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Gregg Berhalter on USMNT future: “I’ll think about what’s next”


U.S. men’s national team head coach Gregg Berhalter has received both praise and criticism during his spell in charge of the team over the past four years and despite Saturday’s FIFA World Cup Round of 16 elimination at the hands of the Netherlands, players remain supportive of the job he has done with the program.

Berhalter watched on the sidelines as his USMNT squad lost 3-1 to the Netherlands in its first Round of 16 involvement since 2014. A trio of defensive breakdowns hurt the Americans in the defeat, with Memphis Depay, Daley Blind, and Denzel Dumfries all celebrating goals for the Dutch.

Berhalter’s current contract is set to expire at the end of the year, opening new opportunities for the 49-year-old both in the United States and overseas. However, Berhalter’s players support him for the work he has continued to put in as the program improved up the FIFA Rankings.

“I hope so,” USMNT left back Antonee Robinson said when asked about Berhalter’s possible return as head coach. “He’s given a lot of boys the chance to want develop with this group. I have certainly enjoyed playing every single minute. It’d be nice for him to continue his journey, but that’s completely up to him. We’re thankful for everything he’s done either way.”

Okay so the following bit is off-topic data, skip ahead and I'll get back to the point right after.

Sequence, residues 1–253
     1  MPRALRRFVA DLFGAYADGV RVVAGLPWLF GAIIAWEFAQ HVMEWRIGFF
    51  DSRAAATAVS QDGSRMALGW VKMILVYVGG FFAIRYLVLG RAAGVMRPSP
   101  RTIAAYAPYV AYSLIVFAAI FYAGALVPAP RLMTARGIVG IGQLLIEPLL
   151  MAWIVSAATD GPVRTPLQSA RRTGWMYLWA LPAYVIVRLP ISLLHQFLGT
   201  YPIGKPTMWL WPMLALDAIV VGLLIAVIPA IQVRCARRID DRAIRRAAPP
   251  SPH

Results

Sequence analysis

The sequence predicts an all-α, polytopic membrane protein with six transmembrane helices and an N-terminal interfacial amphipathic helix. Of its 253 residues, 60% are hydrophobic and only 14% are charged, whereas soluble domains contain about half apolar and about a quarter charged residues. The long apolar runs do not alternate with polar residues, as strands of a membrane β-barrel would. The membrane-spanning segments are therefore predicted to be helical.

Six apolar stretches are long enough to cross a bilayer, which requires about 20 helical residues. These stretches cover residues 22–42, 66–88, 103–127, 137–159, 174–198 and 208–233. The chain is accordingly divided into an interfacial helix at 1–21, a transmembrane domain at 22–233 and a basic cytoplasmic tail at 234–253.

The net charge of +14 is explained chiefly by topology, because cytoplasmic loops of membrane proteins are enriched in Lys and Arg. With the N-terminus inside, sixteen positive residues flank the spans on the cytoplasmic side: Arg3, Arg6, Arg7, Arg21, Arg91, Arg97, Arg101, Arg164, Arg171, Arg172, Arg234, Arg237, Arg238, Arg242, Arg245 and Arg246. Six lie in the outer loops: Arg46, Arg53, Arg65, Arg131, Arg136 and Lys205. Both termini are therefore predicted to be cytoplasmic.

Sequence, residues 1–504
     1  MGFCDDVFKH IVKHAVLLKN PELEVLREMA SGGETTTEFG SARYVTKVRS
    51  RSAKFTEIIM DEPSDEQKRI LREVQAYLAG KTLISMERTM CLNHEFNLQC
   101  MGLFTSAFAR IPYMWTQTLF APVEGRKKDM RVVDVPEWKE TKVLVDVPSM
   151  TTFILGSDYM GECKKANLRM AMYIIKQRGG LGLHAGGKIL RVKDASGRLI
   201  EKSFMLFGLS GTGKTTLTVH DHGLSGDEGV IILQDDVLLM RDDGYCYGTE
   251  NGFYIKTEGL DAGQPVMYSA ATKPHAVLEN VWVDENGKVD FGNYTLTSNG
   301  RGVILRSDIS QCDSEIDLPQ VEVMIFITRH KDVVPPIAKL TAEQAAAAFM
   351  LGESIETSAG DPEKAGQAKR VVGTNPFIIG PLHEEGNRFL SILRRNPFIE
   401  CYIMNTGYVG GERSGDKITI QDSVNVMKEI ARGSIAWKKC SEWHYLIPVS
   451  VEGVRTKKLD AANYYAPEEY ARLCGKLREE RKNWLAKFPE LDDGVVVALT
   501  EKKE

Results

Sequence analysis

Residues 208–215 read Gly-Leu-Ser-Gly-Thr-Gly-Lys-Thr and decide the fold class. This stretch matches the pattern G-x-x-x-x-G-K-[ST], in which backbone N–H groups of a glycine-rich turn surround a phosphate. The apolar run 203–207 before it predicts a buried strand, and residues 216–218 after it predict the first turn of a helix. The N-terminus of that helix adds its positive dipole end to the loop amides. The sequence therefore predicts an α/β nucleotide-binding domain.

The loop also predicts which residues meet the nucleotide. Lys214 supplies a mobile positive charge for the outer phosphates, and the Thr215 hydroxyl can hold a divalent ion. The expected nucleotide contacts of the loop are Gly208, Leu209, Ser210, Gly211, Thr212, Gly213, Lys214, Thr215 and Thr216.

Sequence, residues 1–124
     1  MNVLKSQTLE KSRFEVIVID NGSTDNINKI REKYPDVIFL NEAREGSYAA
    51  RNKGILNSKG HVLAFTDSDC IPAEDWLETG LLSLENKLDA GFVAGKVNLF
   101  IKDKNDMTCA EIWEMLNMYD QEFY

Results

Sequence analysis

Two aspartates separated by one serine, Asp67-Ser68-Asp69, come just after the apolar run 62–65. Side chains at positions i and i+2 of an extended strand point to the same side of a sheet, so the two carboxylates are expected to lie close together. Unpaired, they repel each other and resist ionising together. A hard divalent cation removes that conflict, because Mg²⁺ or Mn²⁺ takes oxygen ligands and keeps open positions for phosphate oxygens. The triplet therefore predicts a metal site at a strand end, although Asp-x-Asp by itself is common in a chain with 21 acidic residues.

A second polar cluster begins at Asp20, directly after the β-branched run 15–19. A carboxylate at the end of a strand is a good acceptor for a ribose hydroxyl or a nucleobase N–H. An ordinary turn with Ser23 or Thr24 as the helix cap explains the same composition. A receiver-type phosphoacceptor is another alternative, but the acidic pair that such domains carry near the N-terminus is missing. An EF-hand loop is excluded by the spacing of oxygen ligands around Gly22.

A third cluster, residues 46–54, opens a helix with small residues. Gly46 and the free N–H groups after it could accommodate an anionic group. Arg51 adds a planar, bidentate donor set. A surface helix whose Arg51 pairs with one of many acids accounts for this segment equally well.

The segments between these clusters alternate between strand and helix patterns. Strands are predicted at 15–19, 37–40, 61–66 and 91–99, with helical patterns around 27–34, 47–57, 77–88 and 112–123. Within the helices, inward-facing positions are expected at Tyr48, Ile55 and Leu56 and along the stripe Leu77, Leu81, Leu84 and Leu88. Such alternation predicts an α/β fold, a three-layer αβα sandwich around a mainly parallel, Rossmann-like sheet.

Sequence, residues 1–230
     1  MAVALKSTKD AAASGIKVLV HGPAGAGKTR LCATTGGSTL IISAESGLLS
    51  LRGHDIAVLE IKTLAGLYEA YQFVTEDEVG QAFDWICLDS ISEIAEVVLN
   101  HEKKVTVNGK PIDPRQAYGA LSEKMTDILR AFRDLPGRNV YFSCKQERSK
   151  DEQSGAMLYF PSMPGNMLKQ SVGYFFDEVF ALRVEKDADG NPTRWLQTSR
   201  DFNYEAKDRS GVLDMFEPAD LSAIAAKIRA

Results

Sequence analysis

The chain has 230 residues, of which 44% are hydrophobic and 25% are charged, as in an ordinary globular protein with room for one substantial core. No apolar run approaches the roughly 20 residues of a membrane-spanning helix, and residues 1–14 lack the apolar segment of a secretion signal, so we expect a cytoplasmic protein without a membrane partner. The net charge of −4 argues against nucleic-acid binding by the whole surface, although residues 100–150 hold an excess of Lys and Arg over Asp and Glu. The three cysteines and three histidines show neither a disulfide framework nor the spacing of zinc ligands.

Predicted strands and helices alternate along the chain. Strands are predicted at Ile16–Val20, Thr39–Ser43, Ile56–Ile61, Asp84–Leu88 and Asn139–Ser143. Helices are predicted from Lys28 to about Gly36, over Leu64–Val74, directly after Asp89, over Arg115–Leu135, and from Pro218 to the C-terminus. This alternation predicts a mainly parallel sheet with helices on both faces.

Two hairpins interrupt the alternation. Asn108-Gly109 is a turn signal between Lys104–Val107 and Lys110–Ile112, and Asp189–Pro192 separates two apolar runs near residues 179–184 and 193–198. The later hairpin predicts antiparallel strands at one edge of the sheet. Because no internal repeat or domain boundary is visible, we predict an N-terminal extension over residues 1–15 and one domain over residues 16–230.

John Dorton/ISI Photos

Berhalter has registered a 37-11-12 record in his four years with the USMNT, winning the Concacaf Gold Cup and Nation League titles in 2021. He helped the Americans return to the World Cup following their failure to do so in 2018, while also giving plenty of opportunities to new, exciting talents in the squad, such as Yunus Musah, Sergino Dest, and Gio Reyna.

The USMNT isn’t set to take the field again until late January with Serbia and Colombia opposing the Americans in a pair of 2023 friendlies. Berhalter has yet to commit his future to the USMNT following Saturday’s World Cup exit and an answer on that won’t be expected for the next few weeks.